James Albert Michener (February 3, 1907 – October 16, 1997) was an American author of more than 40 books, the majority of which were fictional, lengthy family sagas covering the lives of many generations in particular geographic locales and incorporating solid history. Michener was known for the popularity of his works; he had numerous bestsellers and works selected for Book-of-the-Month club. He was also known for his meticulous research behind the books.
Michener's fiction novels include Tales of the South Pacific for which he won the Pulitzer Prize for Fiction in 1948, Hawaii, The Drifters, Centennial, The Source, The Fires of Spring, Chesapeake, Caribbean, Caravans, Alaska, Texas and Poland. His non-fiction works include Iberia, about his travels in Spain and Portugal; his memoir titled The World Is My Home, and Sports in America. Return to Paradise combines fictional short stories with Michener's factual descriptions of the Pacific areas where they take place.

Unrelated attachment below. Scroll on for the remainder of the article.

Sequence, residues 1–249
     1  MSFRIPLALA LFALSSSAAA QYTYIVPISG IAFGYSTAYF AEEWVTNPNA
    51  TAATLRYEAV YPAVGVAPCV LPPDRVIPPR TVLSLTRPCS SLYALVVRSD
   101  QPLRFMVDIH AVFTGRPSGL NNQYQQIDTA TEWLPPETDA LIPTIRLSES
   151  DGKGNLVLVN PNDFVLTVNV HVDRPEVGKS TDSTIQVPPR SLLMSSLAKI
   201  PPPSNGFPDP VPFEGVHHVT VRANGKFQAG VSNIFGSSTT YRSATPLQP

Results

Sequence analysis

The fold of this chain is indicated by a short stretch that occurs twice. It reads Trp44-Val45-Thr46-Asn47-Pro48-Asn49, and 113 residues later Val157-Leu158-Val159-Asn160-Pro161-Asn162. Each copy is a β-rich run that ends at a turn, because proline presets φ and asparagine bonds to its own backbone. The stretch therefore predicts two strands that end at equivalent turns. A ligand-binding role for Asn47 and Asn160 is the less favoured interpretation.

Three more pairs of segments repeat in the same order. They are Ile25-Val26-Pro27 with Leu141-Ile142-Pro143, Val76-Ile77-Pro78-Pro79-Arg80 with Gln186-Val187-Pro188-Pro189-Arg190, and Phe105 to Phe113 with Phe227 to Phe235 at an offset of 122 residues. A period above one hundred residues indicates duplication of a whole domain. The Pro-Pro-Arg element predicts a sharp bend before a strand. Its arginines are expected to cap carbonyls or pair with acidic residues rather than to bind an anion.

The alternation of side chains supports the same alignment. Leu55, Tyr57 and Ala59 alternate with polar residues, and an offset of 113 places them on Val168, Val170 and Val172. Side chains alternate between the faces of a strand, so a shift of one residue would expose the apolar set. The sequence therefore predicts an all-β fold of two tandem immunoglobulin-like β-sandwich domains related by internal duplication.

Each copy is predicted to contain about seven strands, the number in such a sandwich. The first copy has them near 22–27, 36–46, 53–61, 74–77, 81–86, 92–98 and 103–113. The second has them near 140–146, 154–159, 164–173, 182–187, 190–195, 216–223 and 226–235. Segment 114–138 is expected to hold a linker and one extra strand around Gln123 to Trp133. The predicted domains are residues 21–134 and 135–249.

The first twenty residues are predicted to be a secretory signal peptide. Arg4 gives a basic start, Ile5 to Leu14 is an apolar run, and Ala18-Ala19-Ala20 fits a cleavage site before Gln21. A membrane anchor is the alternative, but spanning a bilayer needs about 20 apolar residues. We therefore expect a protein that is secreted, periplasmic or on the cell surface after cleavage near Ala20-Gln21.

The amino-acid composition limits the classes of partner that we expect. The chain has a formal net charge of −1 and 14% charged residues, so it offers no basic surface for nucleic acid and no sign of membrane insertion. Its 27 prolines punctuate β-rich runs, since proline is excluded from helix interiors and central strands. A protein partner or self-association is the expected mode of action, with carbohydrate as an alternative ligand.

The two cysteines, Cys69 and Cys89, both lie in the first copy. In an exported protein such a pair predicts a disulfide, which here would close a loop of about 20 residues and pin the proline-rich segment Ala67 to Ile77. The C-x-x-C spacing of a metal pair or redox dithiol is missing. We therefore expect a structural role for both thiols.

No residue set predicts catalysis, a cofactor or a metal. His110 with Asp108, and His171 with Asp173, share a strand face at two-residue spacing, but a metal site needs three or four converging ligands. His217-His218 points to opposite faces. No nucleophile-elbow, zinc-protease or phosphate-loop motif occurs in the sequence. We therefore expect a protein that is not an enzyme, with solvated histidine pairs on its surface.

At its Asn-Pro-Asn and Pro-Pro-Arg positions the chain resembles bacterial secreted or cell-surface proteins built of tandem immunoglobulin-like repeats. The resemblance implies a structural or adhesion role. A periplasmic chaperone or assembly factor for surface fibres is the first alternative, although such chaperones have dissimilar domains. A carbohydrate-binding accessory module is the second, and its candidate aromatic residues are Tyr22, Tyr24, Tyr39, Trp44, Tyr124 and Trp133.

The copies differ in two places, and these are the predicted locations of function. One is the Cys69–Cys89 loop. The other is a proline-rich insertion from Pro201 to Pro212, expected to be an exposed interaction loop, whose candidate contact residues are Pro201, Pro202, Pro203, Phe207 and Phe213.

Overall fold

His first book was adapted as the popular Broadway musical South Pacific by Richard Rodgers and Oscar Hammerstein, and later as a film by the same name, adding to his financial success. Several other works were adapted for feature films or TV films. Having grown up poor, Michener worked hard and lived modestly. He became a major philanthropist, donating more than 100 million dollars to educational, writing and related cultural institutions, including 37 million to the University of Texas...
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